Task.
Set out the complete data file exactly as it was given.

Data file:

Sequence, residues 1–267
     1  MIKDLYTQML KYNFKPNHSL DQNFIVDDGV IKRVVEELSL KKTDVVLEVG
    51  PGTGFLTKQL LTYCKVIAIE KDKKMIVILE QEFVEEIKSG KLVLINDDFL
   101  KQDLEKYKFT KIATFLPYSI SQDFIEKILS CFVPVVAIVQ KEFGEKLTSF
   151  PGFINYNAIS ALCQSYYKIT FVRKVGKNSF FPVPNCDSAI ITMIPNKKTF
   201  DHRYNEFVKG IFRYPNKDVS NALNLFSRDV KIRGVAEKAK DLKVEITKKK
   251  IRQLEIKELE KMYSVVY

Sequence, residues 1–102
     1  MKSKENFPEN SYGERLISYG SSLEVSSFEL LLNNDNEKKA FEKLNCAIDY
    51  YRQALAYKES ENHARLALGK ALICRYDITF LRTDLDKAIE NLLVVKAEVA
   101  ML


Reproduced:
Sequence, residues 1–267
     1  MIKDLYTQML KYNFKPNHSL DQNFIVDDGV IKRVVEELSL KKTDVVLEVG
    51  PGTGFLTKQL LTYCKVIAIE KDKKMIVILE QEFVEEIKSG KLVLINDDFL
   101  KQDLEKYKFT KIATFLPYSI SQDFIEKILS CFVPVVAIVQ KEFGEKLTSF
   151  PGFINYNAIS ALCQSYYKIT FVRKVGKNSF FPVPNCDSAI ITMIPNKKTF
   201  DHRYNEFVKG IFRYPNKDVS NALNLFSRDV KIRGVAEKAK DLKVEITKKK
   251  IRQLEIKELE KMYSVVY

Sequence, residues 1–102
     1  MKSKENFPEN SYGERLISYG SSLEVSSFEL LLNNDNEKKA FEKLNCAIDY
    51  YRQALAYKES ENHARLALGK ALICRYDITF LRTDLDKAIE NLLVVKAEVA
   101  ML